5. Professional Development:
    • Provide ongoing training for teachers on positive discipline, child development, and creating a nurturing classroom environment.
    • Foster a collaborative and supportive teacher community.
  6. Inclusive Practices:
    • Implement inclusive education practices that accommodate diverse learning needs.
    • Create awareness about the importance of inclusivity among students and staff.
  7. Physical Safety:
    • Regularly assess and address potential safety hazards.
    • Conduct emergency drills and ensure that all staff and students are familiar with emergency procedures.
  8. Holistic Education:
    • Support a well-rounded education that includes not only academics but also physical education, arts, and extracurricular activities.
    • Recognize and celebrate achievements in various areas.

In Homes:

  1. Establish Routine and Structure:
    • Create a consistent daily routine that provides structure and predictability.
    • Set age-appropriate expectations for behaviour and chores.
  2. Open Communication:
    • Encourage open communication between parents and children.
    • Actively listen to children’s concerns and feelings without judgment.
  3. Quality Time:
    • Spend quality time with children through activities they enjoy.
    • Prioritize family time and create positive memories together.
  4. Create a Safe Physical Environment:
    • Childproof the home to ensure a physically safe environment.
    • Establish boundaries and rules for safety within the home.
  5. Positive Reinforcement:
    • Use positive reinforcement to encourage good behavior.
    • Focus on praising effort and progress rather than just outcomes.
  6. Healthy Lifestyle:
    • Encourage a balanced diet, regular exercise, and adequate sleep.
    • Model and promote a healthy lifestyle for the entire family.
  7. Limit Screen Time:
    • Set reasonable limits on screen time and monitor content.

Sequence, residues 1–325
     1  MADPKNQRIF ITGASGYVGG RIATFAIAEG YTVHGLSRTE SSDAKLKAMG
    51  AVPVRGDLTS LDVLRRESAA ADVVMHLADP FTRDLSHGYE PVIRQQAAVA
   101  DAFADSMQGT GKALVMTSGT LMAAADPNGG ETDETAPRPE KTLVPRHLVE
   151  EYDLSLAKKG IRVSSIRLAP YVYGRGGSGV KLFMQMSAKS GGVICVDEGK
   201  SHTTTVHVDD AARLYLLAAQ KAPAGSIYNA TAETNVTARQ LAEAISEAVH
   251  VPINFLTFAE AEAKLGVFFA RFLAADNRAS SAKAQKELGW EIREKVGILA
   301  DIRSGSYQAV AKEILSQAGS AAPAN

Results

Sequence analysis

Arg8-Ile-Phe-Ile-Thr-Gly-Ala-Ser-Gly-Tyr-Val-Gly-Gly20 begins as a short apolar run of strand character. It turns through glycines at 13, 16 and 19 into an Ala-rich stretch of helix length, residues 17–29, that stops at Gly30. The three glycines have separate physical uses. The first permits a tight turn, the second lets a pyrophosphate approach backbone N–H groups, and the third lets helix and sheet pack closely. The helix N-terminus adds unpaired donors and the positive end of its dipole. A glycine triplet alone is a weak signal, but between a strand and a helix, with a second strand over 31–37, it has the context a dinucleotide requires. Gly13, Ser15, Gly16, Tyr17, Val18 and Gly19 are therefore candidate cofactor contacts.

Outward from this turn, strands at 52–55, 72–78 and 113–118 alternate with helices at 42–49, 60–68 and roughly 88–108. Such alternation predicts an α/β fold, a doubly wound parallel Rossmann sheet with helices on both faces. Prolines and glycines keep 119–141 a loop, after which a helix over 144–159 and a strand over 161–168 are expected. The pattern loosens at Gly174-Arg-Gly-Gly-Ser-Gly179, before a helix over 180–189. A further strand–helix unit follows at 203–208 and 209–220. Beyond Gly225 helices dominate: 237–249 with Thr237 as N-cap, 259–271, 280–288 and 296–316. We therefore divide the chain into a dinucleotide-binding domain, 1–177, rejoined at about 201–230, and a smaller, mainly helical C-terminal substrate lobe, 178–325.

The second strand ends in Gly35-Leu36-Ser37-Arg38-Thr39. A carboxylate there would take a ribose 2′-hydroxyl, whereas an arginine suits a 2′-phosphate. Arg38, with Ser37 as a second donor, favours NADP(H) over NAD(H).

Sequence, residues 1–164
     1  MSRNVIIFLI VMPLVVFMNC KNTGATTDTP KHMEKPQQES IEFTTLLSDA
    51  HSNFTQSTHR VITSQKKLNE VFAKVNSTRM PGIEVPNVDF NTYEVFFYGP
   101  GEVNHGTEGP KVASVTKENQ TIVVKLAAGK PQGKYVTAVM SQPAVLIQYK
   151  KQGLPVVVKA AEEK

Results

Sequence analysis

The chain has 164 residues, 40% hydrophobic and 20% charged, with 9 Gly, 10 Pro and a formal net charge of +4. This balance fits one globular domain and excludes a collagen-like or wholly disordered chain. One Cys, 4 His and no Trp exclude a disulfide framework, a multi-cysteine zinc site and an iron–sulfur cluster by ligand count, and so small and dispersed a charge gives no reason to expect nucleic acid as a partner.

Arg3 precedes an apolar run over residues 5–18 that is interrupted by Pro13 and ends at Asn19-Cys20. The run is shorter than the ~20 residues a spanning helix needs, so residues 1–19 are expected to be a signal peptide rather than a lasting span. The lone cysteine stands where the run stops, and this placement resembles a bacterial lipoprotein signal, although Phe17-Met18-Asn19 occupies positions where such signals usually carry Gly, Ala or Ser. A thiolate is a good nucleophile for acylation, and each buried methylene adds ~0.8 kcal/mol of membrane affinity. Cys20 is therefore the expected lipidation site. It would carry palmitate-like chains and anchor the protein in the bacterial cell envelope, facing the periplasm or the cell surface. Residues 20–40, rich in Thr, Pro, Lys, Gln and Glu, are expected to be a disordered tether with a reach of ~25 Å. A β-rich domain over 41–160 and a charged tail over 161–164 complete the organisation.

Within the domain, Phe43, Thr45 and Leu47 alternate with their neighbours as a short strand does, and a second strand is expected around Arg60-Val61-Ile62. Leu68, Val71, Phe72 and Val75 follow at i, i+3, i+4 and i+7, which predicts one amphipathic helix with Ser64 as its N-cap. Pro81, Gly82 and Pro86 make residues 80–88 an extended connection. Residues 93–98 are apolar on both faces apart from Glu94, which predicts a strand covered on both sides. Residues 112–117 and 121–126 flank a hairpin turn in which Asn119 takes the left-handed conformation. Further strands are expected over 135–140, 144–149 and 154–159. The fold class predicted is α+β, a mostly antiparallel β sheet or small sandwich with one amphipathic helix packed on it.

• Encourage alternative activities such as reading, outdoor play, and creative pursuits.
  8. Parental Involvement in Education:
    • Stay informed about children’s school activities and progress.
    • Foster a positive attitude towards learning and provide a conducive environment for homework and study.
  9. Teach Problem-Solving Skills:
    • Encourage children to solve problems independently and with guidance.
    • Help them learn from mistakes and develop resilience.
  10. Cultivate a Loving Environment:
    • Show affection and express love regularly.
    • Create a home environment where children feel safe to be themselves.

Collaboration Between Schools and Homes:

  1. Regular Communication:
    • Foster regular communication between teachers and parents to share insights into a child’s development.
    • Collaborate on strategies to address any challenges a child may be facing.
  2. Parental Involvement in School Activities:
    • Encourage parents to participate in school events and activities.
    • Create a sense of community between the school and families.
  3. Shared Values and Expectations:
    • Establish shared values and expectations between schools and homes.
    • Ensure consistency in rules and behavioural expectations.
  4. Joint Problem-Solving:
    • Work together to address any academic or behavioural challenges a child may be facing.
    • Share insights and strategies for the child’s overall development.

Creating a nurturing and supportive environment is vital for the growth and development of children. These strategies, when applied in both schools and homes, contribute to an environment where every child feels valued, supported, and eager to learn. It is the collective responsibility of educators, parents, and caregivers to foster such an ecosystem, as highlighted by educationist Snigdha Dash. This care is the key to making a significant difference in the lives of our future generations.